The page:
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March 14, 2013

Third Circuit panel discusses at length all the problems with SORNA

The start of the Third Circuit panel's lengthy opinion today in US v. Reynolds, No. 08-4747 (3d Cir. Mar. 14, 2013) (available here), explains the current mess that is certain federal sex offender registration laws better than I could. Here goes (with footnotes removed):

This case returns to us after the Supreme Court’s review in Reynolds v. United States, 132 S. Ct. 975 (2012). Remand requires that we reach the merits of Reynolds’s claim that the regulatory rule upon which his indictment was based was promulgated in violation of the Administrative Procedure Act (“APA”).  This claim gives rise to three questions: (1) What is the appropriate standard of review of an agency’s assertion of good cause in waiving the APA’s notice and comment requirements?  (2) Did the Attorney General have good cause to waive these requirements in promulgating a rule governing the retroactivity of the Sex Offender and Registration Notification Act’s (“SORNA”) registration requirements?  (3) If the Attorney General lacked good cause to waive the requirements, was Reynolds prejudiced by the failure to comply with the APA’s notice and comment requirements?

The courts of appeals are divided on each of these questions.  On the first question, the Fifth and Eleventh Circuits have determined that the arbitrary and capricious standard is the appropriate standard for reviewing the Attorney General’s actions, the Fourth and Sixth Circuits have not stated a standard but appear to use de novo review, and the Ninth Circuit has explicitly avoided the question.  On the second question, the Fourth and Eleventh Circuits have held that the Attorney General had good cause to waive notice and comment, while the Fifth, Sixth, and Ninth Circuits have held that he did not.  On the final question, the Fifth Circuit has held that the Attorney General’s lack of good cause does not prejudice defendants, while the Sixth Circuit has held that it is prejudicial.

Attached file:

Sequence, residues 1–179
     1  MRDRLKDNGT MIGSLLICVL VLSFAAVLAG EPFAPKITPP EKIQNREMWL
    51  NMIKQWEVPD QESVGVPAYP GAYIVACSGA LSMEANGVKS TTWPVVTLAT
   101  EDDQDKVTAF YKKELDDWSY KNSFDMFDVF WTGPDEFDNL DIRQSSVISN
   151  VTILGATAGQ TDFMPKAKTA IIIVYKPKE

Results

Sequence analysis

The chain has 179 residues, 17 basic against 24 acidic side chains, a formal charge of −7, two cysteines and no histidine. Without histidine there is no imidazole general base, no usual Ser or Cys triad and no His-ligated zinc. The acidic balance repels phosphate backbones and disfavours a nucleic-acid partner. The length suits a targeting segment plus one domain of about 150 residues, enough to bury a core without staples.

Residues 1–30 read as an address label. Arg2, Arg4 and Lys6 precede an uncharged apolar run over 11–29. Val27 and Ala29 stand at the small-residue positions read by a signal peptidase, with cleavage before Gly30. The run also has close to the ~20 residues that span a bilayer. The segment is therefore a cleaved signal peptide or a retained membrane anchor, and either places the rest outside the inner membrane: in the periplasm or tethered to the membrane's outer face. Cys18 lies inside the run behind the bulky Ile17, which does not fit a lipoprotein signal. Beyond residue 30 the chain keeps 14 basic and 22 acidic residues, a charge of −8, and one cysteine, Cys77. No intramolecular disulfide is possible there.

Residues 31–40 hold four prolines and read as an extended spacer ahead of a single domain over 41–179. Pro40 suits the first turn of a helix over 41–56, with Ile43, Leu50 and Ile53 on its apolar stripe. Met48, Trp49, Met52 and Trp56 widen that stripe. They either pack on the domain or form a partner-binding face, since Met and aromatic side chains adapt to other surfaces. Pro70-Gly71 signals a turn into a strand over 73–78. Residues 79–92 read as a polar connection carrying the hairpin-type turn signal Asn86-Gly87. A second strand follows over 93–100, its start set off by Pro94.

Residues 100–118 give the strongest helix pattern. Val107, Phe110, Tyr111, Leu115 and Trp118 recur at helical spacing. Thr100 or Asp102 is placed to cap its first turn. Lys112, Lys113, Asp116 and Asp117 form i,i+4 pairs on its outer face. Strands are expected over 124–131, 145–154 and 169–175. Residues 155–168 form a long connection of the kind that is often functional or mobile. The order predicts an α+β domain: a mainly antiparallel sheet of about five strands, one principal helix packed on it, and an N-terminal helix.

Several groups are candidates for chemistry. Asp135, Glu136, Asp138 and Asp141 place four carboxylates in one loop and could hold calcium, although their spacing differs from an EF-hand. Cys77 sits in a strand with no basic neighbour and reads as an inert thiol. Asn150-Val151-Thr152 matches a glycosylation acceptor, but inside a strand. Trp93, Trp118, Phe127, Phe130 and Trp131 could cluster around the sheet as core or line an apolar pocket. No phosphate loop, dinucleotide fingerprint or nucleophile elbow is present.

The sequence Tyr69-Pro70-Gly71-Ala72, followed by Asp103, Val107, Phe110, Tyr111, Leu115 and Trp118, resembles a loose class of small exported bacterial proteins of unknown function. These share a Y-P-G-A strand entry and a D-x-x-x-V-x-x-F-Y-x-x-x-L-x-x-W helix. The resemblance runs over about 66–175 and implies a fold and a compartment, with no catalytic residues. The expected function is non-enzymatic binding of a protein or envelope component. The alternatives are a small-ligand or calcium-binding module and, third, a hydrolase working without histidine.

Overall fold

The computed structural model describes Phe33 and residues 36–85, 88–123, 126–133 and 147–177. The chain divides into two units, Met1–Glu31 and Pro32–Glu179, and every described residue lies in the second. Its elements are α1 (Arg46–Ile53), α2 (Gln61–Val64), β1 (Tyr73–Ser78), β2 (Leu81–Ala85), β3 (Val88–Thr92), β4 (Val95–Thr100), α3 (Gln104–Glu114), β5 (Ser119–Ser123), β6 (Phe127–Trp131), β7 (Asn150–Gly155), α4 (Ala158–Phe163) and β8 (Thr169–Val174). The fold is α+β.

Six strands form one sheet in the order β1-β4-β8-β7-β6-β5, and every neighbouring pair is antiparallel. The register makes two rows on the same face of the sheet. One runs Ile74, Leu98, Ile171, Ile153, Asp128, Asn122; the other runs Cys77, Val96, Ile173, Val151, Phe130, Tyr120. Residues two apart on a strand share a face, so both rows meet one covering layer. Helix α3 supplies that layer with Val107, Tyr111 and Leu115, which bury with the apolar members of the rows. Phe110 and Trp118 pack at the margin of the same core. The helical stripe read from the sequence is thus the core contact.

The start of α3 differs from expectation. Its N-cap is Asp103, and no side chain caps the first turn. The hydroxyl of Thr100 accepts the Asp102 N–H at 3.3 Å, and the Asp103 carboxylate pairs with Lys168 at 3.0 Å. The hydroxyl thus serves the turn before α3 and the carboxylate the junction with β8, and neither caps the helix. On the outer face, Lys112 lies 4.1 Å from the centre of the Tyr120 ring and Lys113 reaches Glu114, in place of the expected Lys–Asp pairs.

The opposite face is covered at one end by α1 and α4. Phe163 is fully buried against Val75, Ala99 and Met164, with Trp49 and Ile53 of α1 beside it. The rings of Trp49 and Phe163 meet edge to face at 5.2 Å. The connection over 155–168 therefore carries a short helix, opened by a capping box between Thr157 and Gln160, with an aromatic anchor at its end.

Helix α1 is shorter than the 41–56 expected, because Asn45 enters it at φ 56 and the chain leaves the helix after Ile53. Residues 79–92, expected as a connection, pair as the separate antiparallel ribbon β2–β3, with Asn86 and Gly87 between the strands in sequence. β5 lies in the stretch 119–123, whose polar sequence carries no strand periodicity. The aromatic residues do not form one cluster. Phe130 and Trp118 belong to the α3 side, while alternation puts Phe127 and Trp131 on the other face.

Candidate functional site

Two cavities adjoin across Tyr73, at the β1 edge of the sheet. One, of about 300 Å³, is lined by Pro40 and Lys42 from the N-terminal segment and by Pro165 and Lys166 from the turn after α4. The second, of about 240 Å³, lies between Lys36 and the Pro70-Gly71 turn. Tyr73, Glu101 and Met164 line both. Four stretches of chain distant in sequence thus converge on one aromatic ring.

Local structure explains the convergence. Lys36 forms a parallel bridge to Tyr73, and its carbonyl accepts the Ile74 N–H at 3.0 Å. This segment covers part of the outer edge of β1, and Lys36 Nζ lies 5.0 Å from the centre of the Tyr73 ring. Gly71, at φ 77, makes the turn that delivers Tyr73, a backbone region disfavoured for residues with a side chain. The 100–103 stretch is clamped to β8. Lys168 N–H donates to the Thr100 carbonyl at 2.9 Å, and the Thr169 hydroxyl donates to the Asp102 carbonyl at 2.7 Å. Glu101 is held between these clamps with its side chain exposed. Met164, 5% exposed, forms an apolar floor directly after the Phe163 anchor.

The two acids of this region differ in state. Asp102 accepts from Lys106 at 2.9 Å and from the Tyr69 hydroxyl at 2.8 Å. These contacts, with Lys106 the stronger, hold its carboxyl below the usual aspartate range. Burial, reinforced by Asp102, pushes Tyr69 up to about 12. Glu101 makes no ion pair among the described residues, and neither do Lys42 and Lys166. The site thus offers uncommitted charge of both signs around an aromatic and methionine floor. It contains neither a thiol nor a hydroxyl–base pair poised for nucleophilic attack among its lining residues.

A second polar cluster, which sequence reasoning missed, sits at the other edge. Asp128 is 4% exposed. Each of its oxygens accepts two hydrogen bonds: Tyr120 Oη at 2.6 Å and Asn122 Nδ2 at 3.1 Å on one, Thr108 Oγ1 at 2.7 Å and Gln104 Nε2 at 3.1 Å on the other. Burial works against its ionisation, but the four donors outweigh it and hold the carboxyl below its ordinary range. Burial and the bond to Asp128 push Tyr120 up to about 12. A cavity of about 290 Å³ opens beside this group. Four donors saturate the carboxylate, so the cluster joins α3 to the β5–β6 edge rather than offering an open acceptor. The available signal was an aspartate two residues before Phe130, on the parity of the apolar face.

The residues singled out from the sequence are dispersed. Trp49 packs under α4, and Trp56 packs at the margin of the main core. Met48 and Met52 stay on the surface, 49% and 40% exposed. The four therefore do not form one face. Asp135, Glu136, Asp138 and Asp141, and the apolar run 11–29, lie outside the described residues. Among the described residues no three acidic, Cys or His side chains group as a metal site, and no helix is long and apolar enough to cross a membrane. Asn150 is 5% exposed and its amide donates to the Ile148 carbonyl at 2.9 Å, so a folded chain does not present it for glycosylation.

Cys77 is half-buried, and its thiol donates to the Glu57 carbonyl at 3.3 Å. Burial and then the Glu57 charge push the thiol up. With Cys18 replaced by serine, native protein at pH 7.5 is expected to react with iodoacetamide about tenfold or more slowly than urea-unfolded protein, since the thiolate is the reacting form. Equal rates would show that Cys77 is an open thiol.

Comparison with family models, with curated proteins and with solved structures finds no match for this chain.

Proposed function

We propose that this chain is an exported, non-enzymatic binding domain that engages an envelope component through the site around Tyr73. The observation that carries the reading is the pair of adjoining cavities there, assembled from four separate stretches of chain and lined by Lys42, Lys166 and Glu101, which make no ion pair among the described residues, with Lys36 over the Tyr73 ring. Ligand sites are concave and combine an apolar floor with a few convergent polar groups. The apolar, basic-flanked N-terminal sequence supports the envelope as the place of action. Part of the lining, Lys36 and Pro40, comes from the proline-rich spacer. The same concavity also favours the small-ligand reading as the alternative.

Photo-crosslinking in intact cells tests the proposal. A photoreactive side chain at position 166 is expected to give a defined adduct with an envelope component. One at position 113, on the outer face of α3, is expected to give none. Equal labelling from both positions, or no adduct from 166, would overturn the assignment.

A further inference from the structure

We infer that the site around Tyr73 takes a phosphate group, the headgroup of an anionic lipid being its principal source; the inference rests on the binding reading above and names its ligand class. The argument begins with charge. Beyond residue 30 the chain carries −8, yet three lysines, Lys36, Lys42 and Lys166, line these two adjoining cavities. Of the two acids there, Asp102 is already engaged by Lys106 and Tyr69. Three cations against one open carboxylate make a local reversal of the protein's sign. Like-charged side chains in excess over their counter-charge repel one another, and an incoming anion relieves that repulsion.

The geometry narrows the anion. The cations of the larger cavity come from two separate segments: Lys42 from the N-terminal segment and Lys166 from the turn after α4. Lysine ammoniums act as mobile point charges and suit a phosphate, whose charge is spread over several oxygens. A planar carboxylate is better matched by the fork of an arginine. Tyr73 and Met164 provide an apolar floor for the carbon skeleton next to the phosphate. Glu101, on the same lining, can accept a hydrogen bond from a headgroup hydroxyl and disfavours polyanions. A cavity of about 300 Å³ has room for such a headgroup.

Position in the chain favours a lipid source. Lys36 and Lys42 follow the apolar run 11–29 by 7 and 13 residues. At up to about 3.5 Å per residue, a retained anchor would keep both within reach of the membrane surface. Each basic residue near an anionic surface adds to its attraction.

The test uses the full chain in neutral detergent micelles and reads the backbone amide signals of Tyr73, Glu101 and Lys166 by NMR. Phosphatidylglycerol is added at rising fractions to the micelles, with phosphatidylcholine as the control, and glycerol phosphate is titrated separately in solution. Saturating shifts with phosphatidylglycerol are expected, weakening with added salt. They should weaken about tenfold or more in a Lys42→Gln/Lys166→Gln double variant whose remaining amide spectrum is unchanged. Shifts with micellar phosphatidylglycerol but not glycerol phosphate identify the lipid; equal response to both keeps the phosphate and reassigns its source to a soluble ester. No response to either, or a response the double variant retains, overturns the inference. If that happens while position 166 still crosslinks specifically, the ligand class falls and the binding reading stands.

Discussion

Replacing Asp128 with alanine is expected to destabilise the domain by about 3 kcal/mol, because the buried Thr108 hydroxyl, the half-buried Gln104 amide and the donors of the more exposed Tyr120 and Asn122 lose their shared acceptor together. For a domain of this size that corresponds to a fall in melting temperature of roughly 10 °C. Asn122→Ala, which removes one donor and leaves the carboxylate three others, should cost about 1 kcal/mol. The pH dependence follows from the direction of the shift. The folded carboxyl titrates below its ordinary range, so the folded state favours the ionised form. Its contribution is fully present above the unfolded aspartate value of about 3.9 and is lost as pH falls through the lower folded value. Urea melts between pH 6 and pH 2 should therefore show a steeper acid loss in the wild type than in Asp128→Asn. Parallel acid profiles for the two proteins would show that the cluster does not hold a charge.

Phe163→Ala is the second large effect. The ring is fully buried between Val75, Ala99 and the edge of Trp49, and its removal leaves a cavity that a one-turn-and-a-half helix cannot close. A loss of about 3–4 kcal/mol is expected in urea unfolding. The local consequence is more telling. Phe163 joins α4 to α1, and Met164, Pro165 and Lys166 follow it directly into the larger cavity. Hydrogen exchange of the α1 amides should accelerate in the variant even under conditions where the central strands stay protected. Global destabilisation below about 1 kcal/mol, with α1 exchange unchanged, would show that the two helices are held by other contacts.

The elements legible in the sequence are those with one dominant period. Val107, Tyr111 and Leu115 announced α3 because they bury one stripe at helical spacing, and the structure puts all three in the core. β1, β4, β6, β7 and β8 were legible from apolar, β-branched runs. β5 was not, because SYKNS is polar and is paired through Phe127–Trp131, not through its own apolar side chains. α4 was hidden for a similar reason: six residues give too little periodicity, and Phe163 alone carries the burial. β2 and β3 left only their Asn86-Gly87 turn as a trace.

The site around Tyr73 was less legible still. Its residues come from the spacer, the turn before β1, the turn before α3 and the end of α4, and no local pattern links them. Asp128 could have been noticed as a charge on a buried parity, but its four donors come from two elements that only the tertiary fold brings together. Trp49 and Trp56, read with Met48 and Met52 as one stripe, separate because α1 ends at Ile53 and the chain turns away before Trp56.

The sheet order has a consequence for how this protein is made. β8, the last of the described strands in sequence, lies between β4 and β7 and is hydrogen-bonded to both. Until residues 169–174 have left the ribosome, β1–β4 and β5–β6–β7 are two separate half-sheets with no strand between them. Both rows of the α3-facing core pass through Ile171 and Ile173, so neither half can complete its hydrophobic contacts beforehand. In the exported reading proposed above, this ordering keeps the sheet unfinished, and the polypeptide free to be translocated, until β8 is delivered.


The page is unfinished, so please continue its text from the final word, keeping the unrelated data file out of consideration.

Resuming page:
We conclude that we need not decide the appropriate standard of review today because the Attorney General’s assertion of good cause cannot withstand review even under the most deferential standard available.  We also conclude that the Attorney General’s lack of good cause is prejudicial to Reynolds.  Accordingly, we will vacate Reynolds’ conviction.

March 14, 2013 at 05:18 PM | Permalink


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Of course, the mess could better be explained by reducing everything to the simple common denominator: the 2003 SCOTUS Smith v. Doe decision that allowed for states to post registered sex offenders on the Internet. The basis of the decision provided, for the first time, a government-sanctioned post-correctional requirement for ex-offenders to statutorily relinquish freedoms that were not demanded of other ex-offenders. Every subsequent sex offender registry law, including SORNA, has resulted from legislators in crafting felony-level laws based upon this decision. It's really that simple.

Posted by: Eric Knight | Mar 14, 2013 5:30:20 PM


Let me paraphrase the 3rd Circuit's lengthy opinion better than anyone else:

"You can't polish a turd! No matter how many people dressed in black pajamas try."

There, that does away with the legal deliberate miscommunication gobbledy-gook.

Posted by: albeed | Mar 14, 2013 10:07:42 PM

not really that simple for SORNA. doe talks about police powers. what police power do the feds have?

Posted by: big bad wolf | Mar 14, 2013 11:02:29 PM

no Eric actualy it was started back in 1943 when calif passed the first sex offender registry law. At that point the court house and the judges should have been burnt to the ground.

The devil child would have been burnt with the bath water!

Posted by: rodsmith | Mar 15, 2013 12:55:39 AM

Ah SORNA, what an illegal, idiotic P.O.S.

Fridays are a great day for people who are listed on the nanny government Registries to reinvigorate their resolve to live normal, happy, and successful lives. Of course that includes ensuring that not only are the Registries, and especially the stupidity that they have enabled and promoted, are worthless, but that appropriate, legal retaliation is delivered to the terrorists who support it all.